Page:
Bits from Dennis Lindsey Interview, 4/3
Are you just more and more pleased with Quin Snyder every day?
Yeah, so, Quin’s, look, he’s exceeded expectations, and not really, again, getti–staying away from wins and losses. We’re, as he’s mentioned several times, we’re evaluating this team this year on a little bit different terms.
But work ethic and ability to communicate and organize a group and lead a group, and he has our guys on the edge of their chair, in a good way. He, you know, he has ’em captivated, from a motivation standpoint. And so, he’s able to coach ’em hard.
He’s coaching ’em really hard and being really demanding, but as, what our research showed us, you know, when he was the head coach at past teams, that he’s able to coach ’em hard, but yet still have a very good relationship with every player. And so, I think he’s just, we’re f–really fortunate to get a really talented coach at a great time of his career, and I think he appreciates the culture —
Call cuts off; one minute later:
I was pontificating to myself. Yeah, that’s always great. I thought I was real cute and charming in what I was saying with Quin, and then I realized I was speaking to myself…
He’s just superior. He spent a lot of time at Duke and Missouri and certainly with Austin Toros putting down on paper development plans.
And so, something that Mike Budenholzer told me when we were going through our hiring process with him, he’s really good at development, and he doesn’t realize how, just how good he is because some of the things that he’s able to get across are so subtle, but yet very effective. And you know, I found that that statement in particular’s really ringing true.
Update on Alec Burks
Boy, he’s really worked hard. I, Alec is, he’s growing up, literally, by the day. When I got here two and a half years ago, Alec was shy and i–I had to pull things outta, out of him from a conversation standpoint.
Now, even last night at our Leapin’ Leaners gala, he, you know, he came over and engaged and started the conversation. And so, he’s just growing up, maturity-wise, off the court. And I think that always helps.
On the court, he’s been very diligent with his shoulder rehab. And then, like all players, w–there’s a bunch of correctives, physically and technically, with their game that we’d like to get to, that many times, just the gauntlet of the season, the number of games that we have, you just aren’t able to get to a lot of the correctives that we’ve done.
So, we’ve done work past his shoulder that I think will provide tangible benefits on the court. I think he’ll perform at a higher clip, and I think we’ve, in the last three or four months made him a safer athlete as well. So we’ve been able to tick off a couple goals in regards to Alec, and I’m just thrilled that he’s maturing the way he is.
How real is your defensive improvement?
I think fundamentally, we have some things that we can capitalize on. I think Dante [Exum], while, again, you know, his offensive contribution’s been meager. He’s trying to fit in moreso than force himself on the game. The one area that we had our greatest concern, to be frank, he’s just knocked out of the park.
He’s three or four levels better defensively, and it’s starting to show up on how the team’s functioning when he’s on the court. And for a 19-year-old point guard, some of his on-off numbers are, it’s hard to find a parallel.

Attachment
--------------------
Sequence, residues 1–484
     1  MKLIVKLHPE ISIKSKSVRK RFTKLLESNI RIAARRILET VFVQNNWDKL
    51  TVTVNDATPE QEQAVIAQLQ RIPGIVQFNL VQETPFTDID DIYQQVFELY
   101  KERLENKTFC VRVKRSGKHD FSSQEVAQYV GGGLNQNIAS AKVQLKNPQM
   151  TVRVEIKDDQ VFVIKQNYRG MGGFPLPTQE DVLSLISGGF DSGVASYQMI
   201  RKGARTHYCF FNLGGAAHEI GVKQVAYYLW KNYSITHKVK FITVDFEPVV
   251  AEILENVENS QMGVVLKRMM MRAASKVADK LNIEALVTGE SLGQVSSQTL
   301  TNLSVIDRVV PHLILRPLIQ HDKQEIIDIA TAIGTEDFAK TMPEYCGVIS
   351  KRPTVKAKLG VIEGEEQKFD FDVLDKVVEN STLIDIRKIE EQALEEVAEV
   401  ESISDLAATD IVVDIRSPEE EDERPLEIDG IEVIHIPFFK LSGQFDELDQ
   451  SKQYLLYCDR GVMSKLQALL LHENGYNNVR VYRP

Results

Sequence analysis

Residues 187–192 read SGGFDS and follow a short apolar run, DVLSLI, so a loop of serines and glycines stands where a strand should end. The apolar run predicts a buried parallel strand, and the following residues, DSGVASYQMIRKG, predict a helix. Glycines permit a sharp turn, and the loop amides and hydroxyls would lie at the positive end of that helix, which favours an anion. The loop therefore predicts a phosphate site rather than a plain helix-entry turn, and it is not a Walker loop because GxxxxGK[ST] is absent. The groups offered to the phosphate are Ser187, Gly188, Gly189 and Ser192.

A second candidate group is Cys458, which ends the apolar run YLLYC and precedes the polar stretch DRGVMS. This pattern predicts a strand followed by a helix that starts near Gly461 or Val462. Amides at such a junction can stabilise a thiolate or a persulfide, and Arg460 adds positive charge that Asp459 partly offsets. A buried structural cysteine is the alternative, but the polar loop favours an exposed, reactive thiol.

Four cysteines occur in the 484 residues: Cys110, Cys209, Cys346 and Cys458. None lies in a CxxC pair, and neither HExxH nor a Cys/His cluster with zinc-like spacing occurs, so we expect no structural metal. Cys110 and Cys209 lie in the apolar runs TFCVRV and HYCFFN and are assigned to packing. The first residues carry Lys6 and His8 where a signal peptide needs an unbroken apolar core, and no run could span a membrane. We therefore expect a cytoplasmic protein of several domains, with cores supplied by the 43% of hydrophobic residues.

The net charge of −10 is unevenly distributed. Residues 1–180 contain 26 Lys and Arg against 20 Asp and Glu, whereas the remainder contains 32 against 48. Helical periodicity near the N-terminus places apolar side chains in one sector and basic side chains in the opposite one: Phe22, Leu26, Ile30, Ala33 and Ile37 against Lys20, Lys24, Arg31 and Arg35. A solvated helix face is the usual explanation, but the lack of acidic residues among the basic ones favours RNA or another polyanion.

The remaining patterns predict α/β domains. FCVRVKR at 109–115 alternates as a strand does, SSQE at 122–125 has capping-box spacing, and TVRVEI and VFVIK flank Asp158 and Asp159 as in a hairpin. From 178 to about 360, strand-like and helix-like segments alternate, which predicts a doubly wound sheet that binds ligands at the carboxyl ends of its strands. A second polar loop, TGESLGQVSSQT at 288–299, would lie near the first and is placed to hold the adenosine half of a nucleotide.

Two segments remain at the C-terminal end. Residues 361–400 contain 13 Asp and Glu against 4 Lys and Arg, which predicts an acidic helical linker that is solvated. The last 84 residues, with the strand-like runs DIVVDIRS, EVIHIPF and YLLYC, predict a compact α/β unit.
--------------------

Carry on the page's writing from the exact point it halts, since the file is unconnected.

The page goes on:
So we, if we can capitalize on his size, his length, his mobility, his intelligence — I think he, along with Rudy [Gobert], have ha–they have unique tools. And then we’ve obviously seen Derrick [Favor] at times be a superior defender. And Derrick’s now a more consistent defender. Elijah Millsap, I think, has unique tools even though he’s a rotational player. Some of our early measures are showing that he’s unique.
So I think the raw material’s there. I think the work ethic is there. I think Quin’s been able to get the message across to the team, that this is who we can be on a consistence, basis. And you know, really, out of desperation, it’s who we have to be.
And sometimes with young teams, it’s hard to organize ’em defensively, but they’ve taken the message. They’ve connected. Really, one through 15 have done everything that we’ve asked them to do. And again, I’ve said this before, Quin’s not dumbing down our offensive and defensive schemes.
There’s some things that Quin was able to pick up in Europe that he’s applied on both ends of the court, so our verbals are many, and you have to recognize, many times, very quickly what coverage we’re in and why we’re in it. The “why” is very important to us. And so, they’re taking all that…
Hopefully, I think with some success post-All-Star break, that the guys will understand that this is very important to carry over into the off-season and the next year. So, a long-winded answer, that I’m confident we can replicate it. Now, can we replicate it to the level that we’ve done, where we led the league in defense? I don’t know. Time will tell.
What went through your mind when you heard about Enes Kanter’s comments?
I’ll stay away from it and not really have much of a comment, other [than] to say that we truly, you know, wish Enes the best in his career going forward. And we’ll just leave it at that. (1280)
Round of applause for Dennis Lindsey’s classy (and short) answer. This is all that needs to be said. This is all that ever needed to be said from the Jazz side.
You know what I love about this response? DL has conviction in what he’s doing and is secure about where the team is and is going. So what if there are outside comments questioning that? He doesn’t need to defend his position with snide little petty insults or name-calling, or worse, solicit insults or name-calling from others around him.